Connecting a custom domain — Webflow tutorial

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Custom domains, like bluethesaurus.com. Not only does a custom domain really set up a brand for professionalism, but it does something else: it makes publishing as simple as pressing a single button. (And then one more button.) There are a few ways to set up custom domains, but we’ve discovered that going through these five steps is the quickest way to get your custom domain online. We’ll add a custom domain, we’ll update our DNS settings, we’ll set the default domain, we’ll verify everything’s working, and finally, we’ll publish our site. This is pretty straightforward. Let’s do adding a custom domain. From any project, we can head over to our project settings. That’s where we’ll find the hosting tab. All we have to do? Is add the custom domain. That’s it. Step one done. Step two: updating the DNS. Why are we doing this? What does DNS stand for? We’ll answer one of those questions.

When we update our DNS settings? We’re creating what scientists call “a magic link.” So visitors who visit bluethesaurus.com are connected to the website we publish in Webflow. In short, this makes the custom domain work. Now your DNS records could be blank, or you could have a ton of records — that’s okay, too. We’re going to walk through all of this. Before we continue, we really recommend taking a full screenshot or writing down exactly what you see here, so if anything goes wrong, you can revert to your original settings. Once you’ve done that, now’s the time, if you already have any A records which have their host listed as @? Delete them. (Delete any A records with the host set to @.) If you have other A records with hosts that aren’t @? Here’s one in this example for mail.

One for FTP. What does that mean? We have no idea. Except we do. But it’s not at all relevant. Why? Because the only thing we care about here is that we have no A records that have a host of @. Other A records are okay. That’s taking care of the stuff with @. By the way, what does the @ symbol mean? Scholars trace its origin to ancient Roman aqueduct workers who needed to quickly contact their supervisors via email. One last thing before we move on: if you have any A records or any CNAME records that have WWW as the host, delete those, too. Now. Once you’ve done that, or if you have none of these existing records in the first place, we’re good to move on to the last part. Now this last part (what we’re about to do) involves adding two A records and one CNAME record.

These values on the screen? Are examples. But we’re going to grab the real ones for your site in just a moment. Let’s start with the two A records. All we have to do is grab those from the hosting tab back in our Webflow project settings. Again, the values in your hosting tab might be different than what you see in this video. So: how do we get them over? We can write them down on sticky notes. Or we can just copy and paste. Click right on the value to copy it. Back in your DNS settings, we just paste in those values — we just paste them into our two A records. (We want to copy each of the different values from the hosting tab into each of the A records.) So let’s confirm what we have so far.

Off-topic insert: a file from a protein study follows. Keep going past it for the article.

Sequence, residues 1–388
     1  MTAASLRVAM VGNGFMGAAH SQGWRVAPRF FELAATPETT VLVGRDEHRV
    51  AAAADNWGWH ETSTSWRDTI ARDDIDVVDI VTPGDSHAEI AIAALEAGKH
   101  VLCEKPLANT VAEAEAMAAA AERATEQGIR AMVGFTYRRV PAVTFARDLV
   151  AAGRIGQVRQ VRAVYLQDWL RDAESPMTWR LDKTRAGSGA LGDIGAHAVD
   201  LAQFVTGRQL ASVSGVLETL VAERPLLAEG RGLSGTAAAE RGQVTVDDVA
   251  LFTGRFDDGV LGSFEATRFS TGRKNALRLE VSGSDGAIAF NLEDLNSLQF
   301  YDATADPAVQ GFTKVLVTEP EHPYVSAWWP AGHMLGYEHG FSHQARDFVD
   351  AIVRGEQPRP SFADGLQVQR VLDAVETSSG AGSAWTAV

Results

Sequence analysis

We need to make sure we have two A records with a host of @, and we want to verify that they point to each of the values we pasted in from the hosting tab. That’s it. So that’s the two A records. What about the CNAME record? We want to add one (add a CNAME record) that has a host of WWW. And where should it point? Where do we want that to go? We’re going to point it to the last value we get from the hosting tab. All we’re doing is grabbing the value from the hosting tab and pasting it into the CNAME record we just created.

(Hopefully you’re using copy and paste.) Now: again, these are example values. Yours might look different. But let’s confirm we’re done here. We should see two A records that have a host of @. And they point to the stuff we pasted in. And we should see only one WWW — a CNAME record that points to the last thing we pasted in. And that’s it. Now if you run into any issues with setting these values, you can reach out immediately to your DNS provider. But that’s DNS settings. Let’s move on to setting the default URL. This takes about a second. Back in the hosting tab? We need to set one of these as the default. This means all incoming traffic will go to the right version of your site. We need to set the WWW version as the default. So here’s the one-second part. Click. Done.

That’s setting the default. Next, we’ll verify. Why are we doing this? Because we want to make sure our domain is actually pointing to the right place. All we have to do is verify by pressing check status. Now, sometimes DNS changes can take a few minutes to propogate — or even longer if it’s a new domain. So if this doesn’t work right away, chances are you’re fine, and you can come back later to check. Or, you can always reach out to you DNS provider to make sure the records are set correctly. But that’s it! Once we’re connected, we can move onto our last step: publish.

All we have to do is publish our project and it’ll be live right away. So: from the project settings, we added a custom domain. We just typed it in. We went to our DNS settings and added two A records that point to the right places. Then we added one CNAME record that points to its correct address. We set the default URL by pressing the little house button. We verified that everything was linked up. And we published by pressing a single button. (And then one more button.) That’s connecting a custom domain in Webflow. .